So I’m not one of those folks who will tell you point blank not to pursue a PhD in the Humanities. Yes, you won’t necessarily make money. Yes, there likely won’t be any jobs when you graduate. Yes, you’re already in debt and you’ll go further into debt. Yes, you may likely be on food stamps. Yes, you’ll be exploited by the universities you work for. Yes, the university as an institution may well be dissolving before our eyes… Well, welcome to white supremacist capitalist heteropatriarchy. There isn’t an outside to capitalist exploitation, just like there isn’t an outside to antiblackness, just like there isn’t an outside to cis-supremacist heteropatriarchy. The academy isn’t a safe haven and shouldn’t be mistaken for one.

On this score, we can follow the recent observations of Black feminist intellectual and activist, Alexis Pauline Gumbs, at The Feminist Wire:

Let us be clear.  Universities keep huge endowments, money on reserve, because they are supposed to keep money.  They will always tell you they cannot afford you. They will not spend their money to save the life of a Black feminist.  Poet Laureate though she may be.  Let us be clear.  The universities that we mistakenly label as our bright quirky only refuge for Black brilliance have worked our geniuses to death, and have denied us help when we asked for it.   The universities that employed June Jordan, Audre Lorde and so many others, watched cancer eat away at our geniuses, as they simultaneously ate away at black women’s labor.   An institution knows how to preserve itself and it knows that Black feminists are a trouble more useful as dead invocation than as live troublemakers, raising concerns in faculty meetings.   And those institutions continue to make money and garner prestige off of their once affiliated now dead faculty members.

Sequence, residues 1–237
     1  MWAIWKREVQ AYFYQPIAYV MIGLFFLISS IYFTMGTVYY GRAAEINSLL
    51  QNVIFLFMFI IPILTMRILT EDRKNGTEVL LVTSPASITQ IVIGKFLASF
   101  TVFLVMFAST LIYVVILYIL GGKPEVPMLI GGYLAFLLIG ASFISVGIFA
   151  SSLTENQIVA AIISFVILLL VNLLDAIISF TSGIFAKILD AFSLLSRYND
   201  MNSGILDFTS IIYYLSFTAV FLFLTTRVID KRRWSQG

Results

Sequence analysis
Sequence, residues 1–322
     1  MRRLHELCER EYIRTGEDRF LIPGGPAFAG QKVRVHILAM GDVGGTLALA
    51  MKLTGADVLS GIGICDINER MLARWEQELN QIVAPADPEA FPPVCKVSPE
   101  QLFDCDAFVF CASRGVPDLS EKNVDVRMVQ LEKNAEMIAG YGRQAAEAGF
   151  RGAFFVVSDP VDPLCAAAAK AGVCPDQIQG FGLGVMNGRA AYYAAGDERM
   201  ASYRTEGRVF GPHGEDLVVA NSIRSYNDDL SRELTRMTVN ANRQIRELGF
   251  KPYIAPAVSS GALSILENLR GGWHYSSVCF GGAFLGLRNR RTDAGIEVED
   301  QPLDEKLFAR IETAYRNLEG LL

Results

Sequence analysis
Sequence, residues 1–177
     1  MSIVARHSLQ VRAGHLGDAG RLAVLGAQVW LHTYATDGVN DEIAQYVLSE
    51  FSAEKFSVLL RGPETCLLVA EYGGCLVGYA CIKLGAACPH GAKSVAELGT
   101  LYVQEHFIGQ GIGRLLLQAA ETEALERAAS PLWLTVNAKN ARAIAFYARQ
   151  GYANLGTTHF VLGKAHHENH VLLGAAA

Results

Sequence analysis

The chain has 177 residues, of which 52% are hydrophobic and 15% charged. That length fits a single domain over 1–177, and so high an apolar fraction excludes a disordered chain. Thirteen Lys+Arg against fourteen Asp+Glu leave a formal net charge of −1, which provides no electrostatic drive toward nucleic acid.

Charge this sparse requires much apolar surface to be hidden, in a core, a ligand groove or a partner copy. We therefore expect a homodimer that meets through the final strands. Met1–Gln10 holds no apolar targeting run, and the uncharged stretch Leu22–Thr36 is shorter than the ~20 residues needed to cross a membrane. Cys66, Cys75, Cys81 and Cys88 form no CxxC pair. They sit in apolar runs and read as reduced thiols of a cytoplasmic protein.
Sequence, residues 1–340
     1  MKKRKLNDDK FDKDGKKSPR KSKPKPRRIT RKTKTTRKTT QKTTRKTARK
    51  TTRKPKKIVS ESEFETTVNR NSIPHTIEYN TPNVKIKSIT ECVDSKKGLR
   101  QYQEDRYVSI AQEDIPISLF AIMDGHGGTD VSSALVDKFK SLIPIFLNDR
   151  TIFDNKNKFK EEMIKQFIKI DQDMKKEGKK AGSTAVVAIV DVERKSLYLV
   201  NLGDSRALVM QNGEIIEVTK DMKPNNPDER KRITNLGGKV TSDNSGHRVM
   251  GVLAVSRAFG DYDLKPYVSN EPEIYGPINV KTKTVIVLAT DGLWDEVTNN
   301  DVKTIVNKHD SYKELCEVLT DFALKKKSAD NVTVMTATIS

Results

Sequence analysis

The university was not created to save my life.  The university is not about the preservation of a bright brown body.   The university will use me alive and use me dead.  The university does not intend to love me.  The university does not know how to love me.   The university in fact, does not love me.   But the universe does.

When you enter the university you must understand that you’re entering a hostile space that requires that you resist while you’re working with and through it. You constantly have to re-evaluate your relationship to the institution because it’s very easy to come to rely on it. The university does not care about you, especially if you’re Black, and it will use you to death if/because it can. Once again, in this way it’s just like any other workplace of comparable size. Making it through the university requires that you be organized, that you work collectively with your peers, and that you be supple. This last point can’t be overstated, because the university is just like an ocean wave, you can’t just stand up against it because it will knock you down. Sometimes you have to dive under the wave to get past it. And that means getting wet.

But enough metaphors and terror. You have some idea of what you’re getting into, right? Are you still here? Okay, then let’s see what we can do.